A former Codemasters programmer has accused the publisher or operating "illegally" and threatening sacked staff with bankruptcy proceedings after it "mistakenly" overpaid them.
Semi Essessi, who worked on last year's troubled FPS Bodycount, claims in a blog post that after shutting down the Guildford studio Codemasters overlooked hundreds of hours of unpaid overtime promised to staff.
Furthermore, Essessi claims that Codemasters unlawfully "never provided me with a pay statement on or before my pay day", and that it breached its legal duty to ensure employees receive "11 hours rest in any given 24 hour period".
[UPDATE: Codemasters has released a statement: "The company has been, and continues to be, in open dialogue with Semi regarding the reimbursement of funds paid into his account following an administrative error, as it is entitled to.
"As the conversation regarding his personal situation is ongoing, the company has not, as alleged, pursued it as a legal matter with him. The company's advisers are now aware of the additional comments that Semi has published and these will be addressed with him directly through the appropriate channels as necessary."]
Essessi's blog reads: "When I received my final pay from Codemasters I was a pretty happy man, I had received a pretty substantial extra sum - It wasn't quite the amount of money I was owed for unpaid overtime, but it was something.
"Everyone had received a bit extra and after lots of pub discussion the overriding opinion was that they had seen sense and decided to pay us all bit extra to keep us quiet about just how illegally the studio had been running."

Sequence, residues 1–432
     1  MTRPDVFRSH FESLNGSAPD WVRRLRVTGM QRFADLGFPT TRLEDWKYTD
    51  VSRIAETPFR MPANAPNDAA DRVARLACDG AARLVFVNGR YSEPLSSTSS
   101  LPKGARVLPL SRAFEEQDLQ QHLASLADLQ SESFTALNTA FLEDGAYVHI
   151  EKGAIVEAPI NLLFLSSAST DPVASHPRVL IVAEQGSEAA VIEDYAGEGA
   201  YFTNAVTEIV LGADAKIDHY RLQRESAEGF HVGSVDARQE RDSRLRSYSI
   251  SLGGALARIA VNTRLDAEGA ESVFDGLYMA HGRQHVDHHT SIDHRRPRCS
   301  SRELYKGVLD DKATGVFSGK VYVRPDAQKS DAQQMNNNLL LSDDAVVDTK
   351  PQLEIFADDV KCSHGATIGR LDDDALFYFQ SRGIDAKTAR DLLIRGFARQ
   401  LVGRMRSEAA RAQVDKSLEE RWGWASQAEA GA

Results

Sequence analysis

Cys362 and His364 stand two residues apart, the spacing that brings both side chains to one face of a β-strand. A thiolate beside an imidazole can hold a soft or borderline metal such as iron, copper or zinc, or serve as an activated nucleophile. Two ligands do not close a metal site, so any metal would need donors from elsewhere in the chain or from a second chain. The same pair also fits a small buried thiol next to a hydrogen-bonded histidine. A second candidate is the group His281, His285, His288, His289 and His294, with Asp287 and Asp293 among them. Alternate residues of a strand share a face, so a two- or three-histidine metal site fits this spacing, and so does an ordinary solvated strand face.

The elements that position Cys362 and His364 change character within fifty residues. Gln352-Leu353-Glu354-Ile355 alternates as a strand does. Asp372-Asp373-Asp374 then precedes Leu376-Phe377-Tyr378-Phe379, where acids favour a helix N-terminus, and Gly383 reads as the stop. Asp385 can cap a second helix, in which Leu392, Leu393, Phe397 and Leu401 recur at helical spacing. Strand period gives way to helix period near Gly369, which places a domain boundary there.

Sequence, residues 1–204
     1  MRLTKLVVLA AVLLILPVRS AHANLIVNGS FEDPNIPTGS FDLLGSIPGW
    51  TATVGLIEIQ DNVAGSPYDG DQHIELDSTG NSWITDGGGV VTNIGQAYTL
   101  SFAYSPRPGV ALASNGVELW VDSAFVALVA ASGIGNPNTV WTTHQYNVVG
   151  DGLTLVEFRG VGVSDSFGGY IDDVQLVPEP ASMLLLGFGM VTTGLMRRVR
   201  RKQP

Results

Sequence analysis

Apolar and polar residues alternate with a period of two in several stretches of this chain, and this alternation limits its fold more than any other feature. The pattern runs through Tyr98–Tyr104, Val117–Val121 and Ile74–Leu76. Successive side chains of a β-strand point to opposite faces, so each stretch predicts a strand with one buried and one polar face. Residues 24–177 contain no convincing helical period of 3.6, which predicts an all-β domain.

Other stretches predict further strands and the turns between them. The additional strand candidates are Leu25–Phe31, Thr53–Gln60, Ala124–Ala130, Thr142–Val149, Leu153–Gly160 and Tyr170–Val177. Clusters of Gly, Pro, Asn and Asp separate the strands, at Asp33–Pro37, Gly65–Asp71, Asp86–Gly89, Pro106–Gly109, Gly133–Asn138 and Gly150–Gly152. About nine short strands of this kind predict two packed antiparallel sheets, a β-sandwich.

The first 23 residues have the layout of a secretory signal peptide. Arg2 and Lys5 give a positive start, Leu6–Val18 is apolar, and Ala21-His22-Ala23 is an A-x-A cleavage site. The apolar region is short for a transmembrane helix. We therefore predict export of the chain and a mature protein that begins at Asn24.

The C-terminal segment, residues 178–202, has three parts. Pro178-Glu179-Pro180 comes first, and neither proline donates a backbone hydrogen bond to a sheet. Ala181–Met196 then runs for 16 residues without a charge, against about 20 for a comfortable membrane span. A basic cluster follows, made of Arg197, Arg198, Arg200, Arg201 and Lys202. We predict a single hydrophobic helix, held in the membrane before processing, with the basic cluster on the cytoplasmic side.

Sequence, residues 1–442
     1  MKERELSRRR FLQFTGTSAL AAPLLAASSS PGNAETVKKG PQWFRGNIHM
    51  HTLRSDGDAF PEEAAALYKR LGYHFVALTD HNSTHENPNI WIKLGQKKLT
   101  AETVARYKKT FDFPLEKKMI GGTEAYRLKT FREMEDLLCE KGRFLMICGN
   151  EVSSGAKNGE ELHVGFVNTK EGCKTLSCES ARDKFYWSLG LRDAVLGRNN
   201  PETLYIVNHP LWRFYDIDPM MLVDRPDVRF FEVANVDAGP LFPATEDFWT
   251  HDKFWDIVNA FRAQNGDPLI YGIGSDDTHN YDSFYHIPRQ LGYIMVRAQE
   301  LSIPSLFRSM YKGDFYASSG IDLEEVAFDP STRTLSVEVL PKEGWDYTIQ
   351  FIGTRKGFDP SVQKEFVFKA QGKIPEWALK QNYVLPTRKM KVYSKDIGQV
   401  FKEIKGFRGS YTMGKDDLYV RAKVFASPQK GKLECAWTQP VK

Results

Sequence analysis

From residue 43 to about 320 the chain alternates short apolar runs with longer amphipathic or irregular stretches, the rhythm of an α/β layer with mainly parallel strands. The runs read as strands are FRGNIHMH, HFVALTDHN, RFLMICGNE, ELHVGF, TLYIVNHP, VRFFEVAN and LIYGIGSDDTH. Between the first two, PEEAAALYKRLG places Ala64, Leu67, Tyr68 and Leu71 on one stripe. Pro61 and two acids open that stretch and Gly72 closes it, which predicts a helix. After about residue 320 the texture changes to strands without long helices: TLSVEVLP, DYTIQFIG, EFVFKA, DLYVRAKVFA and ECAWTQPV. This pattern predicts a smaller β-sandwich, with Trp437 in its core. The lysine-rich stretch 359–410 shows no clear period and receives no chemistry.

He continues: "What happened the following month though was a complete shock and surprise - I received a voicemail and e-mail explaining that there had been a mistake and I had accidentally been paid an extra months salary! What's more (and this is on 15th Dec.) I had until 20th Dec to return the money."
With a second deadline passed, Essessi claims he and others received a letter from Codemasters' lawyers warning that, if they fail to return the overpaid amount by January 20, "our client will take your failure to pay as evidence of you insolvency in which circumstances it will be entitled to petition for your bankruptcy."
Essessi says he worked "at least 400 hours of overtime" during an eight month period ("and I most certainly was not the worst offender when it came to racking up the overtime"), which he says Codemasters bosses promised - and failed - to return in time off in lieu.
"I can't help but feel that Codemasters are being wholly unreasonable about this - they are coming in heavy handed at a bunch of people - 70 or so - who all received extra money and didn't query it because they all had plenty of good reason to expect it to be a genuine payment," he wrote.
"After laying us off, after horribly mistreating us, after cocking up the redundancy procedure and best of all, just before Christmas, they are coming at us aggressively because they made yet another mistake. The best of it is that they owe us money, many of us have outstanding expense claims or were not reimbursed for overtime.
"Some employees did so much overtime that their hourly rate was less than minimum wage - and the company made no effort (despite its legal obligations) to prevent this from happening.
"So here I am. I have gone public. You know my name, who I am and what I do. I have nothing to fear from Codemasters or anyone else in the industry - I am in the right - I have been reasonable and approachable and done nothing wrong.
"I write this article now not because I am bitter about redundancy - I've been there before - not because I want to weasel out of paying the money - because I am willing to pay it back provided they make it reasonable for me to do so.
"I do it because it is the right thing to do - because I am sick and tired of big business being incompetent and getting away with it because of fear and na´vetÚ. I don't like bullies, I never have, I never will."